United States Court of Appeals For the Seventh Circuit
Civil Procedure — class actions — collateral estoppel
A court may certify a class, even though two previous courts have rejected certification of the same class in cases with a different class representative.
“We are left with the weak notion of ‘comity’ as requiring a court to pay respectful attention to the decision of another judge in a materially identical case, but no more than that even if it is a judge of the same court or a judge of a different court within the same judiciary. We emphasize, however, the qualification in ‘materially identical.’ Even two class actions involving the same class may differ materially, for example in the suitability of the class representative or the adequacy of class counsel, and where they do the judge in the second, or third, or nth class action is on his own. This is not such a case; nevertheless the district judge gave plausible reasons for her disagreement with the judges in the two previous Cook County dental cases. Can more be required? The defendants’ claim that she was bound by the decisions of the other judges just because those decisions preceded and were contrary to her decision has no basis in law and flouts the principle that a district court decision does not have precedential effect. Camreta v. Greene, 131 S. Ct. 2020, 2033 n. 7 (2011); Wirtz v. City of South Bend, 669 F.3d 860, 862-63 (7th Cir. 2012). The defendants would have such decisions treated not as mere precedents but as super-precedents that no court lacking appellate authority could question.”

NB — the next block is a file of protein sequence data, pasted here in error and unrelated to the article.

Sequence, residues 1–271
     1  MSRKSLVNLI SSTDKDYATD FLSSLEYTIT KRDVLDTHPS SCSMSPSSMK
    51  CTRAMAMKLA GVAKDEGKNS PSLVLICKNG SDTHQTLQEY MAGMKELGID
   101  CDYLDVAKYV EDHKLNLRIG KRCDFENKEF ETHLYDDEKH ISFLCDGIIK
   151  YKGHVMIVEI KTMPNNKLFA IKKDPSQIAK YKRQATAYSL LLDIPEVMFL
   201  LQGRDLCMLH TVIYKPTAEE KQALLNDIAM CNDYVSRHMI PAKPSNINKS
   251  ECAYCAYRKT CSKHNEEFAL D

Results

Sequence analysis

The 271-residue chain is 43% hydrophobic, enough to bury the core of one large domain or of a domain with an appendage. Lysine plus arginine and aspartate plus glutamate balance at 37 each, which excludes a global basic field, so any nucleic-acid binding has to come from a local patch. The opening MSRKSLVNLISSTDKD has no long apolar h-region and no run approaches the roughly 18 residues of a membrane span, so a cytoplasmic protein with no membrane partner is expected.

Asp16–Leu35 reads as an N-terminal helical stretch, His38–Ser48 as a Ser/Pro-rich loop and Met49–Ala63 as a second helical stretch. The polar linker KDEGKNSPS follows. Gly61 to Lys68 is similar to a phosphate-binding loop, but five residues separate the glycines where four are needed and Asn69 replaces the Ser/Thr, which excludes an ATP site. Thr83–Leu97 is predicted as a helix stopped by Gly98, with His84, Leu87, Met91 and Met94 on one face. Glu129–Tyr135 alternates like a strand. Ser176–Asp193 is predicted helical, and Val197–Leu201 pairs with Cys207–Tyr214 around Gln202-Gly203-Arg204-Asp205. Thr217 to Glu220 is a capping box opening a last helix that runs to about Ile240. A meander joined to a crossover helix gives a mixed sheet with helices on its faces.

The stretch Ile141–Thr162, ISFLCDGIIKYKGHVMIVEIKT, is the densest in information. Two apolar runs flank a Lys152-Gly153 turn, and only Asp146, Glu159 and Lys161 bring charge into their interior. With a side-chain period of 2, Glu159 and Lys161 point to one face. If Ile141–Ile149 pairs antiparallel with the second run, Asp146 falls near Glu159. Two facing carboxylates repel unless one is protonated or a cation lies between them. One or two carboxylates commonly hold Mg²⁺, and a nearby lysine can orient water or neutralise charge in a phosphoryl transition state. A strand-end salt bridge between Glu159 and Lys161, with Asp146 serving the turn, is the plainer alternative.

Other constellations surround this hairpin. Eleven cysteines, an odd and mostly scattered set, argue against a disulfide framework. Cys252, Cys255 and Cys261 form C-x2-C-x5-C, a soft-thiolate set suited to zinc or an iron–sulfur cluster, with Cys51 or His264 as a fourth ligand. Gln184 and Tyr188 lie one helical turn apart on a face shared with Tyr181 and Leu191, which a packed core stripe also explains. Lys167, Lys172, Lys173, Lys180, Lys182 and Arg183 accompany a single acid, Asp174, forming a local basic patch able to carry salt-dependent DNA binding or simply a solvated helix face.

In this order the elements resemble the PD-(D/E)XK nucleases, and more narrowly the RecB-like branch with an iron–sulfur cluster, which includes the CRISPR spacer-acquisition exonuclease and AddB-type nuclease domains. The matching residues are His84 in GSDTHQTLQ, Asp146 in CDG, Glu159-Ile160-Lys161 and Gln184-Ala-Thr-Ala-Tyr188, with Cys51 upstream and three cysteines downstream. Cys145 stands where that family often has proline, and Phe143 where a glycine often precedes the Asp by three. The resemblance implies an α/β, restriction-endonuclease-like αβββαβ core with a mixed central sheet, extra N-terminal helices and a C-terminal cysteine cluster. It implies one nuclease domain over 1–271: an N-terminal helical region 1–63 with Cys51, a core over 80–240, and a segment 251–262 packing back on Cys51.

Appeal from the United States District Court for the Northern District of Illinois, Lefkow, J., Posner, J.